Principle 7: Provide access to nature and the outdoors

To encourage movement into outdoor areas,  Altro doorsets are available in a range of colours to create a contrast with the wall so that the door is easy to find. The door could be faced with Altro Whiterock Digiclad, using images to help users recall that the exit leads outside.

Where it is not possible to provide views or access to nature, particular in nursing homes where residents may be very unwell, the use of natural colours and images of natural environments can play a role in aiding recuperation and lifting mood (see The effects of colour and the power of nature) .

Principle 8: Promote engagement with friends, relatives and staff

This is key for the well-being of most care home residents. As well as keeping families and friends together, in nursing homes, carers are seen as extended family.

Dementia-friendly environments should blend with existing buildings and not stand out as ‘special’ units.

  • Spaces should enable residents and visitors to use internal and external environments. These should be attractive, comfortable and encourage visitors to spend time and engage in meaningful activities, such as gardening.

Using complementary, warm colours, particularly wood shades may help reduce the anxiety that a clinical environment can cause and create visual harmony with the rest of the building.

The HBN also recommends a variety of spaces with a variety of character. This is important across all types of care homes as it enables residents to interact with others, spend time with their family, join in with activities or take quiet time alone.  We offer a large number of shades in both floors and walls to create the right mood and can work with you and your residents to help select the appropriate ones.

Principle 9: Provide good visibility and visual access

Help people with dementia make choices and find where they want to go, by making key places, such as a lounge, dining room, bedroom, kitchen and outdoor areas easily identifiable.

See way-finding

Principle 10: Promote privacy, dignity and independence

Although some care home residents may have health or additional needs, there is still an emphasis on living well and being independent. This is particularly important to us when developing floors and walls solutions. By reducing the risk of a slip, safety floors greatly improve the independence of care home residents. Because we offer homely finishes and non-clinical shades, residents may be unaware that they’re walking on safety flooring, further boosting confidence, and that’s just how we like it.

Considerations for dementia-friendly health and social care environments include

  • Wet rooms that make bathing a safer and less intrusive activity

Altro Pisces provides optimum lifetime sustained slip-resistance in wet and dry environments and whether a resident or staff member is wearing shoes or barefoot. Developed without a bobbled surface, it feels smoother to sensitive feet but its profile still feels reassuringly safe, helping to allay fears of slipping, plus it’s easier to clean.

  • Helping people maintain independence by using familiar building design, furniture, fittings and colours

Altro Whiterock Digiclad can be used to personalise spaces and demark areas to create familiarity

  • Activity areas for reminiscence which can improve mood and wellbeing, and promote social inclusion and the person as an individual with a unique life experience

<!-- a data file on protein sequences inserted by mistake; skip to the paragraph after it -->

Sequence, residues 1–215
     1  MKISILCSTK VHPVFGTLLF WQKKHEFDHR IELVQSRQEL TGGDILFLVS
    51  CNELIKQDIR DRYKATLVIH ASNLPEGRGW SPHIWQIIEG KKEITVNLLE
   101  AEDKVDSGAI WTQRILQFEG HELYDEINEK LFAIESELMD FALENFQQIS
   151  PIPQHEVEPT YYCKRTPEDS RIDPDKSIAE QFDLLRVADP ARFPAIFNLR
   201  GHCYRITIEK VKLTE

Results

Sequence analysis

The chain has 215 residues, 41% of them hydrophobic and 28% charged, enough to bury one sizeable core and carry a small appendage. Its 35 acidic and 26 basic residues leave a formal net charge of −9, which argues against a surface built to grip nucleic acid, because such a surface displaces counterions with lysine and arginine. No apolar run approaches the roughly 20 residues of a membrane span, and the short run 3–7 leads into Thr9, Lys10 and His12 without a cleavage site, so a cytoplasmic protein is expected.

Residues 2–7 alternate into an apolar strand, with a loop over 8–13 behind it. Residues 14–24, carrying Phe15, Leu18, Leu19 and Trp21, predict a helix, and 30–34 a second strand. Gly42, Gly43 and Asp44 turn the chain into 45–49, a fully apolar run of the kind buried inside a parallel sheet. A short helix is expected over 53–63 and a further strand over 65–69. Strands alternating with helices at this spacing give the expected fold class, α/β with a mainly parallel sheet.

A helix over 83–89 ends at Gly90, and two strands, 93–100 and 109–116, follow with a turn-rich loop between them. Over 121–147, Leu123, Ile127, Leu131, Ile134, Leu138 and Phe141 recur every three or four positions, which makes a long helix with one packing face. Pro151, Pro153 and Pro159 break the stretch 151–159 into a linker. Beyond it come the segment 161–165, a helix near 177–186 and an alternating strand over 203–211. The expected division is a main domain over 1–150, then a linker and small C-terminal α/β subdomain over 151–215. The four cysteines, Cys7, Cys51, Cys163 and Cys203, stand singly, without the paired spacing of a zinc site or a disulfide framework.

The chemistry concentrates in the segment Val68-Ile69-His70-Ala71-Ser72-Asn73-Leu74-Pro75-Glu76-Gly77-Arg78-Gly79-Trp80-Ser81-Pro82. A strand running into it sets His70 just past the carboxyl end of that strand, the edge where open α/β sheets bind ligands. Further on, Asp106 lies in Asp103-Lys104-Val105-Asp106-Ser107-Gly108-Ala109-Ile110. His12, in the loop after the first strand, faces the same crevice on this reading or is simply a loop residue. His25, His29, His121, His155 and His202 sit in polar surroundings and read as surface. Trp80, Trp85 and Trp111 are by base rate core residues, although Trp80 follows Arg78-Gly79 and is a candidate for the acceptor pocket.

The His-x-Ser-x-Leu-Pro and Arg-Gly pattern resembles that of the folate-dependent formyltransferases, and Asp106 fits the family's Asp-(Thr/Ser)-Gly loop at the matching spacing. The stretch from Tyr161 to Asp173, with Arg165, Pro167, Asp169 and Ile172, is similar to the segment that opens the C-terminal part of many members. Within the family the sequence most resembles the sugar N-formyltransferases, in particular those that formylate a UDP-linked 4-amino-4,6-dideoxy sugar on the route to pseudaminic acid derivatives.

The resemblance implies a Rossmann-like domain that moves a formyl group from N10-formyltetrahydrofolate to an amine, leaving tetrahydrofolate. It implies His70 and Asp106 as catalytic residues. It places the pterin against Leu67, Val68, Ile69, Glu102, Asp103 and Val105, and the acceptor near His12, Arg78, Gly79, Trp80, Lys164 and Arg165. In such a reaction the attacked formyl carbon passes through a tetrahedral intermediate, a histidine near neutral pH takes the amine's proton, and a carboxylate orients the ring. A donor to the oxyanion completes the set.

Flooring that supports confident, safe movement

To ensure people are more comfortable with moving from one area to another, it can be preferable to install flooring with similar LRVs and shades throughout key areas. We offer a number of flooring solutions that allow this, encouraging more confident movement but minimising the risk of slips by offering the right solution for the right area. This is particularly important when moving from a bedroom or corridor into a bathroom. Our combination shades can also be matched easily with those offered by leading carpet providers although we would not recommend the use of carpet due to the hygiene challenges they create.

The real test for ensuring a contrast or similarity between surfaces is to look at the chosen images in grey-scale. This gives you a true view and shows that even shades that look totally different can appear exactly the same in certain light.

Residents’ choice

Having a range of appropriate solution to choose from allows personalisation, helping residents maintain a sense of ‘self’ and enabling them to have a wider choice when they are involved in choosing their own décor. The Altro Space Visualiser (LINK) can help residents see what their surroundings could look like.

HBN 08-02 also recommends  matt flooring finishes to promote movement and independence.

We offer a range of flooring with matt finishes, such as Altro Wood Safety, ensuring there is plenty of choice for new-builds or refurbishments, or to fit with existing décor. Additionally, Altro Pisces has a smoother profile than many wet environments’ flooring. Rough finishes can hurt feet, particularly amongst older people. It allows for a shuffling movement while preventing slips in a high risk environment.

Principle 11: Promote physical and meaningful activities

Have an interior design that is non-institutional and stimulates interaction.

Altro floors and walls are designed to be easy to clean and maintain whatever activities are planned. Altro Classic 25 for example is ideal for art rooms, and with a Pendulum Test Value (PTV) of ≥45, helps prevent slips when there’s the occasional spillage.

Our heavy duty safety flooring is ideal for areas where wheelchairs are used, making movement easy and minimising the chance of damage. Altro Fortis wall protection ensures walls look good long term, despite knocks and bumps from passing traffic.

Principle 12: Support diet, nutrition and hydration

Environments should include dining rooms with family-style layout and interior design.